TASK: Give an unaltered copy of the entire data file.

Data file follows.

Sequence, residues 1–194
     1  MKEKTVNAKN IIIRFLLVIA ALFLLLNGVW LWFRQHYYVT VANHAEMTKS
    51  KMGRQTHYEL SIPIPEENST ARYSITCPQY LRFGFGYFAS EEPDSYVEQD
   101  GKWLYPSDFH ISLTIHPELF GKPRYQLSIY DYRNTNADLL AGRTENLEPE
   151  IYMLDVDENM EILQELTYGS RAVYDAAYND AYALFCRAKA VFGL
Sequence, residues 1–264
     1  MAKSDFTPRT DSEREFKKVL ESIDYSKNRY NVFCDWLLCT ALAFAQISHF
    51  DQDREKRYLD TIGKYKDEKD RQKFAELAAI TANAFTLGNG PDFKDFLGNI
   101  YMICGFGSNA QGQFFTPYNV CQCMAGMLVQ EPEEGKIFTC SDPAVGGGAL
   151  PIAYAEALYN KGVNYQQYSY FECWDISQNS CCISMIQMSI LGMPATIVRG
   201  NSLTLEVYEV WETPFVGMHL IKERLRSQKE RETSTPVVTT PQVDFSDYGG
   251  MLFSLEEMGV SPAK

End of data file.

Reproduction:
Sequence, residues 1–194
     1  MKEKTVNAKN IIIRFLLVIA ALFLLLNGVW LWFRQHYYVT VANHAEMTKS
    51  KMGRQTHYEL SIPIPEENST ARYSITCPQY LRFGFGYFAS EEPDSYVEQD
   101  GKWLYPSDFH ISLTIHPELF GKPRYQLSIY DYRNTNADLL AGRTENLEPE
   151  IYMLDVDENM EILQELTYGS RAVYDAAYND AYALFCRAKA VFGL
Sequence, residues 1–264
     1  MAKSDFTPRT DSEREFKKVL ESIDYSKNRY NVFCDWLLCT ALAFAQISHF
    51  DQDREKRYLD TIGKYKDEKD RQKFAELAAI TANAFTLGNG PDFKDFLGNI
   101  YMICGFGSNA QGQFFTPYNV CQCMAGMLVQ EPEEGKIFTC SDPAVGGGAL
   151  PIAYAEALYN KGVNYQQYSY FECWDISQNS CCISMIQMSI LGMPATIVRG
   201  NSLTLEVYEV WETPFVGMHL IKERLRSQKE RETSTPVVTT PQVDFSDYGG
   251  MLFSLEEMGV SPAK